German Zero CO2 is a large-scale campaign to make Germany carbon neutral by 2035.
Where we stand:
The world is drifting into a +4 degree future, with devastating consequences for our livelihoods and for humanity.
If we want to limit global warming to 1.5 degrees, no more than another 420 gigatons of CO2 emissions can accumulate in the earth’s atmosphere; at today’s levels, this corresponds to some 15 years of global CO2 emissions.
Germany will miss the 1.5 degree target from 2023.
The goals of the current federal government and especially the measures that have been adopted are completely inadequate.
At present, the share of foot traffic in Bremen is at its lowest level (21%), less is not possible. And this is because the conditions for foot traffic in Bremen are very poor.
In order to draw attention to the numerous shortcomings to which everyone has become accustomed, the FUSS e.V. Bremen local group has carried out a foot traffic check in a district near the city centre, in the Neustadt.
The “discovered” deficiencies can be found everywhere in the city, and only 12 typical deficiencies were discussed during the foot traffic check. It is important for FUSS e.V. to create a general awareness of the fact that the mobility areas for people on foot or in wheelchairs are systematically poor or unusable and that there is an urgent need for action. Continue reading Foot traffic check in Bremen→
I’m profoundly disturbed by the notion that, as an experienced cyclist, I “should” ride in mixed traffic alongside cars and trucks.Doing so makes cycling more stressful and dangerous.As a non-motorized “lightweight” I’ve “lost” this “game” before I even start.What’s worse is that such “infrastructure” makes cycling more difficult and more dangerous for children, new cyclists, or people who simply do not want to play “road warrior.”When I’m cycling with my kids, I’m forced to follow them on the sidewalk;other parents simply do not even cycle, choosing the “safe” alternative of driving their kids everywhere.The stress and the imminent conflicts which mixed traffic cycling forces us to endure would not exist if adequate infrastructure for cyclists and pedestrians were present everywhere.Continue reading Cycling In Mixed Traffic? No!→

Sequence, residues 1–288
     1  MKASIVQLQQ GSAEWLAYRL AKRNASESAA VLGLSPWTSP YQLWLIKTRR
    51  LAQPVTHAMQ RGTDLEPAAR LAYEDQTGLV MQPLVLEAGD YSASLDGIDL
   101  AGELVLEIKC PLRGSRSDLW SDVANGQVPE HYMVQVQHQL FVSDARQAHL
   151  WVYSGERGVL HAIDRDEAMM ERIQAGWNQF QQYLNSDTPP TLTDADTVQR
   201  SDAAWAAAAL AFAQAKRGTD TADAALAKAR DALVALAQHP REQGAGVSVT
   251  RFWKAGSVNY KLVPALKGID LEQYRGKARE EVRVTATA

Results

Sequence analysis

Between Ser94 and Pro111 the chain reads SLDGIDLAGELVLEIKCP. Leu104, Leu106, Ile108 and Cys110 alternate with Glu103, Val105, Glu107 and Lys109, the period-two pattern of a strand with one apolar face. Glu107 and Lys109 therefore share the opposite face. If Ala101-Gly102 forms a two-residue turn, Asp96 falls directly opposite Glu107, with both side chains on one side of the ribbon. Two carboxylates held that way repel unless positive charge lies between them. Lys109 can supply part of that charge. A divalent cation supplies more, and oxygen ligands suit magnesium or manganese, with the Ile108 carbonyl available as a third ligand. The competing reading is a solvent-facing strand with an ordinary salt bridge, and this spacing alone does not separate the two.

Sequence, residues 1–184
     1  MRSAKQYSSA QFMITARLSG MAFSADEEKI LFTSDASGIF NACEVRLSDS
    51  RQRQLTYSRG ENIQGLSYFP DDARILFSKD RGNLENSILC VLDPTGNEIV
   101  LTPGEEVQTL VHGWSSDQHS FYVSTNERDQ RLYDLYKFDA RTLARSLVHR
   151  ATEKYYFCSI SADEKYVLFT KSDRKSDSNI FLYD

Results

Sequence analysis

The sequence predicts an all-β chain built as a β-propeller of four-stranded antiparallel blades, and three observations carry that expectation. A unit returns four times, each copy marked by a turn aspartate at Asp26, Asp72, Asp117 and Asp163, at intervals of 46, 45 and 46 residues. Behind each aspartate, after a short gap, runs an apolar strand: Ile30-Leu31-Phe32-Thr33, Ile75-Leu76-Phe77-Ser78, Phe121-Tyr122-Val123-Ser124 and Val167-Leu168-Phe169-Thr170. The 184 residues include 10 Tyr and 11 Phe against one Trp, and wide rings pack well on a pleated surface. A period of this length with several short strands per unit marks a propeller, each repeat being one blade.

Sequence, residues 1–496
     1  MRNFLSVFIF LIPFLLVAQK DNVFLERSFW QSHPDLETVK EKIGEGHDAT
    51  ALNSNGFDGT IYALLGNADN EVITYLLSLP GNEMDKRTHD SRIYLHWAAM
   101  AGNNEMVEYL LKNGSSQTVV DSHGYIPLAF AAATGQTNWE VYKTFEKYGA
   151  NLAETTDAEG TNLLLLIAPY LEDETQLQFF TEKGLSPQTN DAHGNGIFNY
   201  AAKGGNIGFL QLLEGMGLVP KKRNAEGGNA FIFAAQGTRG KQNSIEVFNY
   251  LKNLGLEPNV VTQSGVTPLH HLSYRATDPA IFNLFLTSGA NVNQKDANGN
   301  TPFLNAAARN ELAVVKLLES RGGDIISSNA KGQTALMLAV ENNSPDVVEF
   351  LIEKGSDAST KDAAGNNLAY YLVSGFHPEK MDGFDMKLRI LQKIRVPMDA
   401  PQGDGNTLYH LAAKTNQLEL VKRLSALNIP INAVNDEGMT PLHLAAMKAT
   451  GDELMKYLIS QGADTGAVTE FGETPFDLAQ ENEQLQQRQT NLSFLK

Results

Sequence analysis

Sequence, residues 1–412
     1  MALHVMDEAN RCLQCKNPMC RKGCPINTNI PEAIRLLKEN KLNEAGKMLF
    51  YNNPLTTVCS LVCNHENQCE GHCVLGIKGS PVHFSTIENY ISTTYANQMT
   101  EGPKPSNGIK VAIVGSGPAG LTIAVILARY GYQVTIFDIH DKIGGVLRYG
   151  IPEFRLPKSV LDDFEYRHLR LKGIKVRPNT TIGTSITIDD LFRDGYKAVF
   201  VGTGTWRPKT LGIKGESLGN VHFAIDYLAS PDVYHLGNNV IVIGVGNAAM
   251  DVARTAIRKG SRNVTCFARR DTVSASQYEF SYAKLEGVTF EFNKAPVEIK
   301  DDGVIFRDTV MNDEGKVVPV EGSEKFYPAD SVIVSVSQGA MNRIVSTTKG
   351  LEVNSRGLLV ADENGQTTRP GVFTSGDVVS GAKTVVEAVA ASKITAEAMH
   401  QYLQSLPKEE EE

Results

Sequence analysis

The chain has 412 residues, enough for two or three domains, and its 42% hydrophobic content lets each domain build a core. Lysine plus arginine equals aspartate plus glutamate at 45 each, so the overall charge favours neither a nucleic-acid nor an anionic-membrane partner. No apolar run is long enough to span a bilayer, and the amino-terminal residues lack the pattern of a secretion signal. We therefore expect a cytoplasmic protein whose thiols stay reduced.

In the objectives of the recently elected Bremen state government, regulation and limitation of parking are at the forefront. Strategic measures from the Bremen Transport Development Plan 2025 have now finally been included in the operative catalogue of objectives of our state government.
In addition, civil society is increasingly calling for a decisive change in transport policy. Among other things, it no longer accepts the unsustainable situation in many urban neighbourhoods caused by illegally parked cars and the climate-damaging “successes” of an automobile industry advertising the purchase of large cars against all common well-being:
– be it that on a local level the Bremer Verkehrswende-Bündnis has adopted the demands for comprehensive fee-based parking as an essential lever for the societal move “away from the car – towards a sustainable transport and a city worth living in”,
– be it that the demands for a stepwise reduction in the number of parking spaces, for city tolls and consistent charging of parking are now clearly demanded by the many groups that support the climate strikes in Bremen,
– be it that a growing number of associations and groups operating nationwide make themselves heard and demand a clear renunciation of the radical (almost) inaction from federal and state governments.